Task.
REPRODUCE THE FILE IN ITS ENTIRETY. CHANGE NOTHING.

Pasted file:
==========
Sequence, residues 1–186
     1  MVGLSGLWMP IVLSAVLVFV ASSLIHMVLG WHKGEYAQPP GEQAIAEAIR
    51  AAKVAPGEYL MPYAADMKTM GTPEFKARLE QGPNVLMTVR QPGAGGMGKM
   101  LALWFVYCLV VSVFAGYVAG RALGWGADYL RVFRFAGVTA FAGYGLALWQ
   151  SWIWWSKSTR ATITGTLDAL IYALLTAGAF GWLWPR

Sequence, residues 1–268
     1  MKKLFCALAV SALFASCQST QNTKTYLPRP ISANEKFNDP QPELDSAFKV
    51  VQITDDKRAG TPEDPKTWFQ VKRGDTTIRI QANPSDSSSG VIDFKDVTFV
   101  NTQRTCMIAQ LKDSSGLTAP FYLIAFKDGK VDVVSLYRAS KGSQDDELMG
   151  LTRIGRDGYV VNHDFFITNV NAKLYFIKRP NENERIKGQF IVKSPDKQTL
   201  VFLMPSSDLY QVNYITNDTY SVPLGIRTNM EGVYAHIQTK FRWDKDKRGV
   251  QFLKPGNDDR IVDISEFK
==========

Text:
Sequence, residues 1–186
     1  MVGLSGLWMP IVLSAVLVFV ASSLIHMVLG WHKGEYAQPP GEQAIAEAIR
    51  AAKVAPGEYL MPYAADMKTM GTPEFKARLE QGPNVLMTVR QPGAGGMGKM
   101  LALWFVYCLV VSVFAGYVAG RALGWGADYL RVFRFAGVTA FAGYGLALWQ
   151  SWIWWSKSTR ATITGTLDAL IYALLTAGAF GWLWPR

Sequence, residues 1–268
     1  MKKLFCALAV SALFASCQST QNTKTYLPRP ISANEKFNDP QPELDSAFKV
    51  VQITDDKRAG TPEDPKTWFQ VKRGDTTIRI QANPSDSSSG VIDFKDVTFV
   101  NTQRTCMIAQ LKDSSGLTAP FYLIAFKDGK VDVVSLYRAS KGSQDDELMG
   151  LTRIGRDGYV VNHDFFITNV NAKLYFIKRP NENERIKGQF IVKSPDKQTL
   201  VFLMPSSDLY QVNYITNDTY SVPLGIRTNM EGVYAHIQTK FRWDKDKRGV
   251  QFLKPGNDDR IVDISEFK